being whisked away and that love in so many forms, first love, love of family, love of God, love of country and man, could take root and spread in a place so solidly cold and heartless. 

This is truly an incredible work of art, one that should be read by as many people possible.  Thank you Ruta Sepetys for this inspiring and powerful jar of words and images, with a story that honors those who have left us, those who persevere to this day and one that will carry all of their stories into the hearts of many.

From the Author’s note at the end:

“Some wars are about bombing.  For the people of the Baltics, this war was about believing... They chose hope over hate and showed the world that even through the darkest night, there is light.” 


Some of my favorite quotes:

-“Have you ever wondered what a human life is worth?  That morning my brother’s was worth a pocket watch.”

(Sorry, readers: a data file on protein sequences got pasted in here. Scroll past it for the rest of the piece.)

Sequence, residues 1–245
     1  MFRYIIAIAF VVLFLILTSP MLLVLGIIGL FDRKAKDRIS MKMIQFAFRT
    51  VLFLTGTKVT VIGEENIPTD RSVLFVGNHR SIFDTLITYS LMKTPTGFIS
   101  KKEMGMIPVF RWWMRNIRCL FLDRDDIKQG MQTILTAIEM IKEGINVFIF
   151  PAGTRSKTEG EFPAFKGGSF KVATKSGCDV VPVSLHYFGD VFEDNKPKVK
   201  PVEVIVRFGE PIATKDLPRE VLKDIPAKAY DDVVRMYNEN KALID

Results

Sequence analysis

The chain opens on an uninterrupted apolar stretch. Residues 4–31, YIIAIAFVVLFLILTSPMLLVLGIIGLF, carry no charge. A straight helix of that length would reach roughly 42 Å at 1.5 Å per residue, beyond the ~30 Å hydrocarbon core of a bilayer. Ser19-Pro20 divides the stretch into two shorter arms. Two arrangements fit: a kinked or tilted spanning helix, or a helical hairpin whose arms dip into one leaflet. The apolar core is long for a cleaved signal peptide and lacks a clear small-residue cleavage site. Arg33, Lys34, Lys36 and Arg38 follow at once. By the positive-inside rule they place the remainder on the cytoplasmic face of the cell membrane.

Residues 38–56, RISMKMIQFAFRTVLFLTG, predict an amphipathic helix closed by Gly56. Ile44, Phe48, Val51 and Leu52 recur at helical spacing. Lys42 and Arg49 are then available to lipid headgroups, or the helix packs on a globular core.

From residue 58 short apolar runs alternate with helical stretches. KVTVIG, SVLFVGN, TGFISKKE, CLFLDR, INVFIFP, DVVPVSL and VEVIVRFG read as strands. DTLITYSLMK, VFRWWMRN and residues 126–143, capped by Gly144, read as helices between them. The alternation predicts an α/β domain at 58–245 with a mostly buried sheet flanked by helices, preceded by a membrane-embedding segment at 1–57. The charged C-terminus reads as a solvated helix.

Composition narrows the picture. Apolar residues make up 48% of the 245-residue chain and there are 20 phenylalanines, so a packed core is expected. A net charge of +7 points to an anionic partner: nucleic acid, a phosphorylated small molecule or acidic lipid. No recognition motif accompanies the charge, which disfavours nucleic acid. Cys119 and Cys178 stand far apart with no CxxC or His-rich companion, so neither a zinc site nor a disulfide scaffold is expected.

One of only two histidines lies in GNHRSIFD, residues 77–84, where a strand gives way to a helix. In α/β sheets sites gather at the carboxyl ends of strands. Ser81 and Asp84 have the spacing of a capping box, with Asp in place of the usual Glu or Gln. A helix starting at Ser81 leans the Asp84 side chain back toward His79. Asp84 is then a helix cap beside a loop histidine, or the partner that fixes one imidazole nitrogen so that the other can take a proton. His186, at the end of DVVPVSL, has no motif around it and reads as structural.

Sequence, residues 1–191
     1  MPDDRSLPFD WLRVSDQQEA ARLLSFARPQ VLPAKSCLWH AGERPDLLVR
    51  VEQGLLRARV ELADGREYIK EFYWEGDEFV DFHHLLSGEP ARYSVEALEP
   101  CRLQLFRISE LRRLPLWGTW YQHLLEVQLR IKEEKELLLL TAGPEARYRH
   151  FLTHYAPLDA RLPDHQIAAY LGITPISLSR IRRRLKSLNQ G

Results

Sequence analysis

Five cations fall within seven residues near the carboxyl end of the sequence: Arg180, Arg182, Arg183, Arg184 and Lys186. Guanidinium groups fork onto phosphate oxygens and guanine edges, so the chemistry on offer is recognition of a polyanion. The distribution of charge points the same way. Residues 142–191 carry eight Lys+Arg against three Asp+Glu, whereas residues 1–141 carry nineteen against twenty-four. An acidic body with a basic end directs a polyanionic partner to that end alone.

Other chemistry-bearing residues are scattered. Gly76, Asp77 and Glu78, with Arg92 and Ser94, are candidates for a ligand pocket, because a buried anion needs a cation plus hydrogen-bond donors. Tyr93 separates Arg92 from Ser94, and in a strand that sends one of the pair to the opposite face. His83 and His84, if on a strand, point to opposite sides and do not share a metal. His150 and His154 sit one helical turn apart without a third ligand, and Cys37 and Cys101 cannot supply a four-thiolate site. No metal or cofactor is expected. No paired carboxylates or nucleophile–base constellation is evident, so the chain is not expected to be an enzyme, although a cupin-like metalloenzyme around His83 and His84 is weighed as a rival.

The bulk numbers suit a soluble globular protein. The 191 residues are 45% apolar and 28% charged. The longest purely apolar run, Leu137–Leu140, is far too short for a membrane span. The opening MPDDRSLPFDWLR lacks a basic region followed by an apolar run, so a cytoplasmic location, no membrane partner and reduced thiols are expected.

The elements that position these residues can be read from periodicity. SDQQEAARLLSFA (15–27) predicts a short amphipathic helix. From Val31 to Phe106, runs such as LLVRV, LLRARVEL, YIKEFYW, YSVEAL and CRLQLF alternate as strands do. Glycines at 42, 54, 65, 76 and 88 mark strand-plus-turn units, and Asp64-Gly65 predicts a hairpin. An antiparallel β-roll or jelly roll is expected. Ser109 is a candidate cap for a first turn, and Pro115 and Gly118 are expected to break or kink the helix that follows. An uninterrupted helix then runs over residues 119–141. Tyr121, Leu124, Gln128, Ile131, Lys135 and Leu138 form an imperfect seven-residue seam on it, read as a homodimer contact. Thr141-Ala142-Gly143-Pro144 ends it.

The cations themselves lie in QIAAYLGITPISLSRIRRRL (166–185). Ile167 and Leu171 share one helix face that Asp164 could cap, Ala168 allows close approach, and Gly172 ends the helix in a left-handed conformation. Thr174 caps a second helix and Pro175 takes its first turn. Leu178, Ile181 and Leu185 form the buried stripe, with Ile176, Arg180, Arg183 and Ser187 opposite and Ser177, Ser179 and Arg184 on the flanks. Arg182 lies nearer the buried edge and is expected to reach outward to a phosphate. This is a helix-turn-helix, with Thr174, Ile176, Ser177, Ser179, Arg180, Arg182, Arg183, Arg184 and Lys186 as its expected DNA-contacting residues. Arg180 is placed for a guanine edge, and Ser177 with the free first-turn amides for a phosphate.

-“...little pink face in a bundle...The child had been alive only minutes but was already considered a criminal by the Soviets.”

-“I scanned the group...I saw courage, anger, fear and confusion.  Others were hopeless.  They had already given up.  Which was I?”

-“ ‘Are you always so pleasant?’ ”

-“I hated them, the NKVD and the Soviets.  I planted a seed of hatred in my heart.  I swore it would grow to be a massive tree whose roots would strangle them all.”

-“ ‘Do you really think they need our permission, our signatures, to do what they’re doing to us?  Stalin needs to break our will.  Don’t you understand?  He knows if we sign some stupid papers, we’ll give up.  He’ll break us.’ ”

-“My art teacher had said that if you breathed deeply and imagined something, you could be there.  You could see it, feel it.  During out standoffs with the NKVD, I learned to do that.  I clung to my rusted dreams during the times of silence.  It was at gunpoint that I fell into every hope and allowed myself to wish from the deepest part of my heart...he thought he was torturing us.  But we were escaping into a stillness within ourselves.  We found strength there.”